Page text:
Emojis might be fun, but are they appropriate in the workplace?
They aren’t universal
Even if emojis might be appropriate in the moment, they don’t always work as intended. According to Andrea Lehr, brand relationship strategist at Fractl, there is no universal agreement on what specific emojis represent.
“Individuals bring their own personal experience to how they interpret an emoji, so although you might use an emoji with streaming tears after something you found incredibly funny, someone else might wonder why you’re upset,” said Lehr.
They make you seem less competent
According to a study published in Social Psychological and Personality Science, emojis actually make workers appear less competent.
Additionally, an OfficeTeam survey found that 39 percent of senior managers think it’s unprofessional to include emojis in work communications. Their opinions could ruin your reputation as a qualified expert.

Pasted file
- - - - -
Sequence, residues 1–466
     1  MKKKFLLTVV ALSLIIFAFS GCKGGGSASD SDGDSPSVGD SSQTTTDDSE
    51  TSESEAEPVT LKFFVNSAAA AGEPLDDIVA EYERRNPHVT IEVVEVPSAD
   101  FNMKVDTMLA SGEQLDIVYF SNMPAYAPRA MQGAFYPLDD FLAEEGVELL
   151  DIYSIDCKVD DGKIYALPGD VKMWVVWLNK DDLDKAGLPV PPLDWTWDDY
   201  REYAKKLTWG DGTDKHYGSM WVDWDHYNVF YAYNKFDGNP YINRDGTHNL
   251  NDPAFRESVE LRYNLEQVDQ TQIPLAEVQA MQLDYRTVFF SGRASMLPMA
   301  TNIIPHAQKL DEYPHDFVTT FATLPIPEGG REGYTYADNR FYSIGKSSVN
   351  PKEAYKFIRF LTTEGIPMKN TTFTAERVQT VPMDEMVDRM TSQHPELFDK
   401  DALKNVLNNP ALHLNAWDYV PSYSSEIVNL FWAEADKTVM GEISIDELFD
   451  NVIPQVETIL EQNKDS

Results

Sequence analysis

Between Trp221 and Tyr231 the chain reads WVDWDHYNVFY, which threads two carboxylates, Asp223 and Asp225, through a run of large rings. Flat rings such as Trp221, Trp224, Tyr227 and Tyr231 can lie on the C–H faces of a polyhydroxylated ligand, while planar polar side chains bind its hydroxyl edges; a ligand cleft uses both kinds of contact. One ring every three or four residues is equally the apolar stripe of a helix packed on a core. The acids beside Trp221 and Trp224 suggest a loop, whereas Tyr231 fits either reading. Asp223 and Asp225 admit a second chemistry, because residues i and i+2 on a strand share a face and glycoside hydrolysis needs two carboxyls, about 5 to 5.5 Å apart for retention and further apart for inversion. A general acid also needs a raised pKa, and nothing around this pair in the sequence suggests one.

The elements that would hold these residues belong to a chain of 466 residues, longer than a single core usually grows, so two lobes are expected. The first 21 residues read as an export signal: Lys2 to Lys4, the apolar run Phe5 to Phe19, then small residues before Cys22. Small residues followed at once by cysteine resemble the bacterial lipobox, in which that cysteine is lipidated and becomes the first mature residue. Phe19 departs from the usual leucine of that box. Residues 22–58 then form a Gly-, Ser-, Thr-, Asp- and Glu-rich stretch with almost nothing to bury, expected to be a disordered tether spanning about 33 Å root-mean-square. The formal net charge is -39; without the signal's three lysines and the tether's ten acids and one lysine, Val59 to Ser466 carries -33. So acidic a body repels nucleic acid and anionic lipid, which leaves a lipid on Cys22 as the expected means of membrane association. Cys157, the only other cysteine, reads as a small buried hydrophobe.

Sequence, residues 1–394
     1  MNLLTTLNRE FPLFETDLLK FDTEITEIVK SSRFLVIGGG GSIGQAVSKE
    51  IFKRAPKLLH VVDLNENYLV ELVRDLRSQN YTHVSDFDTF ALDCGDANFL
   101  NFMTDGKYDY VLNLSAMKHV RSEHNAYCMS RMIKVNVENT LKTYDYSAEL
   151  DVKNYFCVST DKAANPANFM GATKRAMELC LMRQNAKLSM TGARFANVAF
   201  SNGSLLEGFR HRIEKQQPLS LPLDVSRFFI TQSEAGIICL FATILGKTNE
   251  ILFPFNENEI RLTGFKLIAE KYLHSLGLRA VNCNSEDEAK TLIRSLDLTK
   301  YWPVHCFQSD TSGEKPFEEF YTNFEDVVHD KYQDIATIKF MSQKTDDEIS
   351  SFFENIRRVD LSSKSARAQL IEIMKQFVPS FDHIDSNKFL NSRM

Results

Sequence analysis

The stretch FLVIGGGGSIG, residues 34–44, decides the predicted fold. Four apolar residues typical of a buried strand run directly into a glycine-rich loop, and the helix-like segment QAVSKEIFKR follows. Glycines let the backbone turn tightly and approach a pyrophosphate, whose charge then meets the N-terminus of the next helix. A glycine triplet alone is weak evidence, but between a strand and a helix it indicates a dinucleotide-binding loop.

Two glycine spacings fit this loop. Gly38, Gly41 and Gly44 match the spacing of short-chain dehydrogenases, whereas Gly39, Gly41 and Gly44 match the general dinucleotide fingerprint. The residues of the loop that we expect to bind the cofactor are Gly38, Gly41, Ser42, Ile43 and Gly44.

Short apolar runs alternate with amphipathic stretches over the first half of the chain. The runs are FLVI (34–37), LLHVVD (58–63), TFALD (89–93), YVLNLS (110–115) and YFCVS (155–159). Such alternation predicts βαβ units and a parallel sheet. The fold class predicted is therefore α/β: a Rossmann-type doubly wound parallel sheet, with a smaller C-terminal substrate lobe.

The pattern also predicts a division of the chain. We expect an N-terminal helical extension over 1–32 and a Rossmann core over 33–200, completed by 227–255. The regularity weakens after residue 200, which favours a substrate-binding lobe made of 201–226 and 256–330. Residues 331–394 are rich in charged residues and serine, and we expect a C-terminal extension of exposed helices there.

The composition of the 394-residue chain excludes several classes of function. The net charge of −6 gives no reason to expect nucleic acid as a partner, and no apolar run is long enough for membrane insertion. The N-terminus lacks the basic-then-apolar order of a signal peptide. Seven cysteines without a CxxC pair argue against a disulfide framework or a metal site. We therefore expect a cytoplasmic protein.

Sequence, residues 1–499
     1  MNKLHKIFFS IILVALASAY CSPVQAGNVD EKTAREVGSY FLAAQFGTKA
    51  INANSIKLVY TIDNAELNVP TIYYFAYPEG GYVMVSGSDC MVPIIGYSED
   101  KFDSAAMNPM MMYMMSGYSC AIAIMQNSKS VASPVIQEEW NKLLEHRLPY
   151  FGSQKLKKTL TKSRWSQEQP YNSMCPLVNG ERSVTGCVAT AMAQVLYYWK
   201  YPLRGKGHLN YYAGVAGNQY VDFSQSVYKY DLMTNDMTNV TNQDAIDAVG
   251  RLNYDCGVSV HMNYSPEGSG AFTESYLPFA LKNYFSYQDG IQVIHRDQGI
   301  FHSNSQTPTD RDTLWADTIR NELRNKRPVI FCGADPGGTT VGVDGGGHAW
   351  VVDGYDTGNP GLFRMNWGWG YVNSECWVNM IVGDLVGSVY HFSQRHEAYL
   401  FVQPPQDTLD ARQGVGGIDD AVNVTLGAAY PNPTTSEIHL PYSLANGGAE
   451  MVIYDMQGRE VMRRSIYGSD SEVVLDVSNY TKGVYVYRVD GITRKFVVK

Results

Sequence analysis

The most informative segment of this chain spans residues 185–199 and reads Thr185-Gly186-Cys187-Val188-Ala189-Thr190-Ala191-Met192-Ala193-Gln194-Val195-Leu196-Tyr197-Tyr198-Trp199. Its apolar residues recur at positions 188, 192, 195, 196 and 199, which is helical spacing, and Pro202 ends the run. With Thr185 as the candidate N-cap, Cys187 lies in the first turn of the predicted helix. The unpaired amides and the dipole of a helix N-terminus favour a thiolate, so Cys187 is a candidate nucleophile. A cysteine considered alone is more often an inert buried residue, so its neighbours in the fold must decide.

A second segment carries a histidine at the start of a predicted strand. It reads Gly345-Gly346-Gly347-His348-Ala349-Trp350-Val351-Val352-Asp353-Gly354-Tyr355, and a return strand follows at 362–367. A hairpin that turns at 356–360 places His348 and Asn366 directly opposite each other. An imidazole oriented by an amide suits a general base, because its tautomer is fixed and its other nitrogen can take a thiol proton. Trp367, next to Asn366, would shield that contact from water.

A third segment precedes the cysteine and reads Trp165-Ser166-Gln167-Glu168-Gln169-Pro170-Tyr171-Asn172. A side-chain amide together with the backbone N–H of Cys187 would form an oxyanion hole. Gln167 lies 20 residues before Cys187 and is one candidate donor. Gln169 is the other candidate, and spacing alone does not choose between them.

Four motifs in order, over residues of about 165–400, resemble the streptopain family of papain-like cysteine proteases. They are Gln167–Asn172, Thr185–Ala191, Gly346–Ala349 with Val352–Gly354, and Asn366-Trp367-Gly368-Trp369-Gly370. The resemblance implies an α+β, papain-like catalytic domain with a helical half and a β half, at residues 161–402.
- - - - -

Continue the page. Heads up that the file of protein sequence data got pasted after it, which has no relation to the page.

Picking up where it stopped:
“Emojis are a newer form of communication, so if your recipient is mature, an emoji can make you seem less competent”
Know your demographic. As Userlike points out, older people may be uncomfortable with emojis, and may not even know what they mean.
“If you’re sending an email to a supervisor, executive or client, or work in a corporate environment, emojis may not be appropriate,” said Seamas Egan, director of sales and marketing at Campaigner. “But for millennials and younger colleagues, or in a startup work environment, emojis may be more popular and acceptable.”
If someone has a serious complaint or issue, emojis are inappropriate. Above all, don’t use one if you aren’t certain what it means, and never replace a word with an emoji, added Egan.